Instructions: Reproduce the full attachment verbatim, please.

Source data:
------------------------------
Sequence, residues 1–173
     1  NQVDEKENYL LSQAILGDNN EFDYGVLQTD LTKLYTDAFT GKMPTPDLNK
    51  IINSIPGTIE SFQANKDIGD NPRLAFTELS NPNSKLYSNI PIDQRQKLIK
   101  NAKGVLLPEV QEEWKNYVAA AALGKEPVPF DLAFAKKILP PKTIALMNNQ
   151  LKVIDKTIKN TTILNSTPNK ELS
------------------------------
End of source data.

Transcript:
Sequence, residues 1–173
     1  NQVDEKENYL LSQAILGDNN EFDYGVLQTD LTKLYTDAFT GKMPTPDLNK
    51  IINSIPGTIE SFQANKDIGD NPRLAFTELS NPNSKLYSNI PIDQRQKLIK
   101  NAKGVLLPEV QEEWKNYVAA AALGKEPVPF DLAFAKKILP PKTIALMNNQ
   151  LKVIDKTIKN TTILNSTPNK ELS